Then, with reference to FIG. 34) a Ru seed 3402 layer having a thickness of 20-30 nm or about 25 nm is deposited, followed by a CoFe seed layer 3404 that can be thinner, such as about 5 nm thick. Then, with reference to FIG. 35 a masking and plating operation can be performed to deposit a magnetic material to form a magnetic trailing shield 3502. The Ru layer 3402 and thin alumina layer 2302 together define the thickness of a trailing gap for the magnetic shield 3502.

While various embodiments have been described, it should be understood that they have been presented by way of example only, and not limitation. Other embodiments falling within the scope of the invention may also become apparent to those skilled in the art. Thus, the breadth and scope of the invention should not be limited by any of the above-described exemplary embodiments, but should be defined only in accordance with the following claims and their equivalents.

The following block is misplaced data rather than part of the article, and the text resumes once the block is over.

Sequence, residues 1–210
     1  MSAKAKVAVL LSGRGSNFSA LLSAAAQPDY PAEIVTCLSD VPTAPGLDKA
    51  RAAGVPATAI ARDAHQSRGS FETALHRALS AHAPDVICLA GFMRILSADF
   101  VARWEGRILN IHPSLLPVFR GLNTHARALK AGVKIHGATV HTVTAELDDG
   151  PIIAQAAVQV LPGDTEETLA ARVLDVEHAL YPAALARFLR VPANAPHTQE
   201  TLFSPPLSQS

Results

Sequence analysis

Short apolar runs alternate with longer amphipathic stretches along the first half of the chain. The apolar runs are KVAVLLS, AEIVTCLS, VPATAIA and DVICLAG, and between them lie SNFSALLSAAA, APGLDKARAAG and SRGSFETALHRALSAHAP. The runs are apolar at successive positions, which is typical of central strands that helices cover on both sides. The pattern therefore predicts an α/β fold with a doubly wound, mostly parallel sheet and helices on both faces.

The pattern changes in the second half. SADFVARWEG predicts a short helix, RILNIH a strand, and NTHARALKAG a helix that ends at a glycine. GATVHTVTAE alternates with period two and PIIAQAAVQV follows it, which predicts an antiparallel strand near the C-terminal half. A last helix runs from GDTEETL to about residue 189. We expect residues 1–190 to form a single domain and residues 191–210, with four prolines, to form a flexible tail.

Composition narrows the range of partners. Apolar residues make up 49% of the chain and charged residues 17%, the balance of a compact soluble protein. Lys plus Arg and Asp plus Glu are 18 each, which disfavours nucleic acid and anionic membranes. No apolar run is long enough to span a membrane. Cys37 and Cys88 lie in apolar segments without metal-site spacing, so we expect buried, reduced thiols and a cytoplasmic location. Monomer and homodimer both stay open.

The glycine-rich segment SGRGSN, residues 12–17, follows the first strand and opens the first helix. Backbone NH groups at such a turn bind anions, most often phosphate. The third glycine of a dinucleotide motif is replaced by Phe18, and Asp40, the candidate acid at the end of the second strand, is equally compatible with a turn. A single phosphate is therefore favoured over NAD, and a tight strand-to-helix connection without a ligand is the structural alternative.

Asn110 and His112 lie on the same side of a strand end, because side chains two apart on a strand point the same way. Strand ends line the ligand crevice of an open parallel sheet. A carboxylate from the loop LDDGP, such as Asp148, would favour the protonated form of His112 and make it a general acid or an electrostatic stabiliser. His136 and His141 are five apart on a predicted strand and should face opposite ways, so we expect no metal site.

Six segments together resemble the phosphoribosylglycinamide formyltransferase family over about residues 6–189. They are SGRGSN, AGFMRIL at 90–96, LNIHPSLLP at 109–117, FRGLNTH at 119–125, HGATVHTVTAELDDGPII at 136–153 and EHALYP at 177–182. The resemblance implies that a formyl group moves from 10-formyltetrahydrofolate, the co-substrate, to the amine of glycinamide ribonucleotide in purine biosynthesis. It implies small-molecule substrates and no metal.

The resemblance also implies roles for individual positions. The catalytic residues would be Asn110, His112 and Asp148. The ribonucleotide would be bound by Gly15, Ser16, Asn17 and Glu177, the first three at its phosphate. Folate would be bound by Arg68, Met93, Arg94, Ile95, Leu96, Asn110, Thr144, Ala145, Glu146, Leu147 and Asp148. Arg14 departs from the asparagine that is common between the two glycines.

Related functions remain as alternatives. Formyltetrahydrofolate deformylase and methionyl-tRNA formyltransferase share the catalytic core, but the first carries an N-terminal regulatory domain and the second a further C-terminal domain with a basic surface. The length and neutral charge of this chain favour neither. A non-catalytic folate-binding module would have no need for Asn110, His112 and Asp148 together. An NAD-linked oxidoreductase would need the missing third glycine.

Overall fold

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Referenced by
Citing PatentFiling datePublication dateApplicantTitle
US8031434 *Dec 28, 2007Oct 4, 2011Hitachi Global Storage Technologies Netherlands B.V.Hybrid, self aligned magnetic write head with a partially plated pole and method of producing same
US8298430 *Oct 25, 2007Oct 30, 2012Tdk CorporationMethod of etching magnetoresistive film by using a plurality of metal hard masks
US20090110960 *Oct 25, 2007Apr 30, 2009Tdk CorporationMethod of etching magnetoresistive film by using a plurality of metal hard masks
Classifications
U.S. Classification360/122, 360/125.46, 360/125.51, 360/125.42, 360/125.59
International ClassificationG11B5/187
Cooperative ClassificationG11B5/1278, G11B5/315, G11B5/3146, G11B5/3116
European ClassificationG11B5/31D8T3, G11B5/31D4, G11B5/127P, G11B5/31D8T3A